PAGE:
iPod therefore iWrite 02

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Information about iPod therefore iWrite 02

Published on January 14, 2008

Author: mvallance

Source: slideshare.net

Description

This presentation was given at the Nagoya conference on mobile learning (March, 2007). The research is developing criteria for good use of ICT through practice to inform policy makers.

Presentation with references, minus images at http://homepage.mac.com/mvallance/FileSharing.html iPod therefore iWrite: the challenge of informed use Michael Vallance Ed.D. Future University - Hakodate 1

Macro level policy and implementation education practice of ICT in education impacting upon policy Meso level applying policies to classroom practices applying research outcome to classroom practice Micro level research in educational technology 2

Macro level policy and implementation of ICT in education • Singapore Masterplan for IT in Education MP1:1997-2002/ MP2:2002 to present: • Teachers and pupils will communicate and collaborate with other institutions. • Generate innovative processes in education. • Enhance creative thinking, lifelong learning, and social responsibility. • Promote administrative and management excellence in the education system (Goh et al.,1997). 3

Macro level policy and implementation of ICT in education • Influenced by: • the lure of technology ... to solve non-technological problems (low achievement/ discipline/ irrelevant skills/ low enrollment) • the promise of change ... from didactic to conversational education • the marketisation of institutes • the development of a nation’s human capital for a KBE • the promise of investment ... by technology vendors 4

Meso level applying policies to classroom practices How? • claims that technology will address education’s problems is at best naive (Luke et al.,2005) • grand narrative but limited guidance (Deng & Gopinathan, 1999) • leap of faith in the dark (Towndrow, 2001) • need to focus upon pedagogy not technology (Niederhauser & Stoddart, 2001) research in educational technology 5

Micro level research in educational technology • The academic literature • Some gains in quantitative tests by students in experimental groups (Kulik, 1994; Wood et al., 1999; Parr, 2003). • Apple Classrooms of Tomorrow (ACOT) research project (1985 – 1997): • technology integration by teachers and students impacted upon pedagogy and learning (Sandholtz et., 1997), • ACOT studentsʼ scores in standardised tests undertaken during the research were not significantly better than those students who were not on the ACOT programme in the same schools (Tierney et al., 2005). • Improvement as capable communicators, independent discoverers, group oriented and, as expected, increased technical skills (ibid). 6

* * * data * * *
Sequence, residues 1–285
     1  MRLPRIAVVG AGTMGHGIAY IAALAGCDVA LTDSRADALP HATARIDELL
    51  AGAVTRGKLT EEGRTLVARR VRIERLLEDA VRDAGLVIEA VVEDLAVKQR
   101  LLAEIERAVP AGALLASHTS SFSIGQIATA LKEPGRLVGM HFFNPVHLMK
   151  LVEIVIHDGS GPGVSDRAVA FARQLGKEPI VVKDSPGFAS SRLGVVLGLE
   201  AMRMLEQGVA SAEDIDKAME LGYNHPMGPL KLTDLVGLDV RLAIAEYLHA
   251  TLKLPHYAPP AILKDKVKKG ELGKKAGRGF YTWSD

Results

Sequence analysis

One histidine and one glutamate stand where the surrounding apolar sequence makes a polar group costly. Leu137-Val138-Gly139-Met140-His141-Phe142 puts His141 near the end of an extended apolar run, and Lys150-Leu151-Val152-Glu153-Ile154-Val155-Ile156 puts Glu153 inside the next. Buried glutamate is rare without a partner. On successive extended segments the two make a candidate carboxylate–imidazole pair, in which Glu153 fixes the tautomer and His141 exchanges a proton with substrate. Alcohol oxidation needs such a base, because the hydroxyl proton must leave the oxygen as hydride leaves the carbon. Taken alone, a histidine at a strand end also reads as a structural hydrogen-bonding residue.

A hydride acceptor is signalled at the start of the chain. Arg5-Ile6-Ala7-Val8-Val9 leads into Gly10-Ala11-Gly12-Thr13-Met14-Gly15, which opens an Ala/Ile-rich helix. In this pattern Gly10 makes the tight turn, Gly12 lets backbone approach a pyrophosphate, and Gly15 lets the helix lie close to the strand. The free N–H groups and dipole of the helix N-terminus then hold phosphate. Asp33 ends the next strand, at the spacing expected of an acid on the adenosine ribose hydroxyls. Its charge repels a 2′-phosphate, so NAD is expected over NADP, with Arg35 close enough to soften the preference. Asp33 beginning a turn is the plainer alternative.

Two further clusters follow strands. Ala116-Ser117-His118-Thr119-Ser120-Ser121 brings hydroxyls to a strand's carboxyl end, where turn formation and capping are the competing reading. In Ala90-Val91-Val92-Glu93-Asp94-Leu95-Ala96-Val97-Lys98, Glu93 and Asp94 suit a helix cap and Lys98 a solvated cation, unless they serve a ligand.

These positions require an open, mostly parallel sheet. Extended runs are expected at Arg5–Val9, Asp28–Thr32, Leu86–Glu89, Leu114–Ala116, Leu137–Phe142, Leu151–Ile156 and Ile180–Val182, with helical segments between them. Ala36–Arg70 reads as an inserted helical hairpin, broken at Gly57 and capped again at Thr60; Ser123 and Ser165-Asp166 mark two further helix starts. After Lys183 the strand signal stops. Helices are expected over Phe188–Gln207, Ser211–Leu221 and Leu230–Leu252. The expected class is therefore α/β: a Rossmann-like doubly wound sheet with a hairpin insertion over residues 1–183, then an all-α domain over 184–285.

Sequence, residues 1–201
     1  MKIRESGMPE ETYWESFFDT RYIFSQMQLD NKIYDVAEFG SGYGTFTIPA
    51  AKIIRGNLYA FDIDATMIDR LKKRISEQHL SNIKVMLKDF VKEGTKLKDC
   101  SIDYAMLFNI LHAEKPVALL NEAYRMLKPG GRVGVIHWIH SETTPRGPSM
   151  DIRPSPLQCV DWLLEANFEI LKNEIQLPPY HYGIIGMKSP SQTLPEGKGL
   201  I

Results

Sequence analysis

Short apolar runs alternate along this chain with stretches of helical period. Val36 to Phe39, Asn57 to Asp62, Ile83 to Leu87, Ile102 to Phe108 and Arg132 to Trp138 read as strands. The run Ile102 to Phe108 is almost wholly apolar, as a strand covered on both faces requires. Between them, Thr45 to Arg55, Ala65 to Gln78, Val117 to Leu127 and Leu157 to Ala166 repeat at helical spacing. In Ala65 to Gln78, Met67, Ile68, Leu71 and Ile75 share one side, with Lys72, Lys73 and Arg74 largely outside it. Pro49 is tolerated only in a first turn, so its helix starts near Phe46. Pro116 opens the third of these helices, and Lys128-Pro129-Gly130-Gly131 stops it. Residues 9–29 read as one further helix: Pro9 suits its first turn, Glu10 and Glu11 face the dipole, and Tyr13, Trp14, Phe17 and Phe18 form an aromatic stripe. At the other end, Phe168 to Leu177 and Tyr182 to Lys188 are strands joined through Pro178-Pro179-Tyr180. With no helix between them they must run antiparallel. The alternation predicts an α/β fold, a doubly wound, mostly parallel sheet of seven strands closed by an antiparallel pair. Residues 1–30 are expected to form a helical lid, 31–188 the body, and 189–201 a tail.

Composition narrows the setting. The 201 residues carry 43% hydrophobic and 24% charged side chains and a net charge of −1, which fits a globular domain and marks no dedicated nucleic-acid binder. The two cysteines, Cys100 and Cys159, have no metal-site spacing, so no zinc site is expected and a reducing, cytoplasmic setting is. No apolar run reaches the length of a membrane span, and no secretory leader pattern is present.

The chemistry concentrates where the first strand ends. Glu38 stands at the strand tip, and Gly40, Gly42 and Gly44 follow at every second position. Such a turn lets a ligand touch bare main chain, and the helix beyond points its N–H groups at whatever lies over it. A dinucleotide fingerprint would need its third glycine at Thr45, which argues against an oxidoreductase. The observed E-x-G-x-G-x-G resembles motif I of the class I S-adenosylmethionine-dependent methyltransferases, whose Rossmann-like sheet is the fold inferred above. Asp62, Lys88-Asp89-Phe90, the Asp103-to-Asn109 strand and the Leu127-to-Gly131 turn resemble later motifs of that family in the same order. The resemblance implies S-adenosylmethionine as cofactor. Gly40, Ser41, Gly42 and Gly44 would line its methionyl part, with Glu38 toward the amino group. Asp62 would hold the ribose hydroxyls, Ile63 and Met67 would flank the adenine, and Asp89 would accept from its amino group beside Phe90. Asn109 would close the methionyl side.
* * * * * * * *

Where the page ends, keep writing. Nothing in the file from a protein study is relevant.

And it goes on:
Micro level research in educational technology • found in a study of teachers Becker and Ravitz (2001) of 4th to 12th grade students (9-18 year olds) in schools in the USA that only • 25% of English teachers, • 17% of science teachers, • 13% of social studies teachers and • 11% of maths teachers • made weekly use of computers. 7

Micro level research in educational technology • Why is the literature so critical? • failure to adopt and adapt technology in mainstream education is due to inadequate training of new teachers (Mouza, 2002). • In Singapore, 44% were considered inadequately prepared to use ICT in the classroom (Hu et. al., 2004) • Many teaching methods in HE seem to be detrimental to the quality of student learning. Learning requires dialogue, structured goals and activity; a sort of conversation (Laurillard, 1992). • No medium can solve educational problems (Cuban, 2002). • It will take time for empirical evidence to show the positiveness of ICT integration to emerge (BECTA,2003). Is this an excuse? 8

Micro level research in educational technology • Students require opportunities to cognitively engage with materials with, “high levels of learner control” (Steeples et al., 2000). • A radical change in curriculum, teaching, learning and institutions is not a luxury but essential for social justice in the 21st Century (Keri Facer, Futurelab, UK). Presented at BETT, January 2007. 9

Meso level applying policies to classroom practices • A vision of the classroom of the future: • Observe the classroom setting. • Observe the technology. • When was this video made? • How close are you to this scenario in YOUR (or your child’s) school? • Do such ‘visions’ help or hinder attempts to convince teachers of technology’s value? 10

Reference: ALPS Systems Integration Co Ltd 11

National Institute of Education SG 12

National Institute of Education SG 13

Classroom of 2007? 14

Canberra Primary SG Crescent Secondary SG 15

Canberra Primary SG Crescent Secondary SG 15

Canberra Primary SG Crescent Secondary SG 15

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Micro level research in educational technology • One (of many) possible solutions: (language learning) task design. (Candlin, 1987) promote attention to meaning, purpose and feedback and co-evaluation - teacher and negotiation students students to estimate consequences of task draw objectives from needs of learners solution/s (prediction) allow for flexible approaches and different promote awareness of data and learning solutions process involve (target) language use in task process share information and expertise 18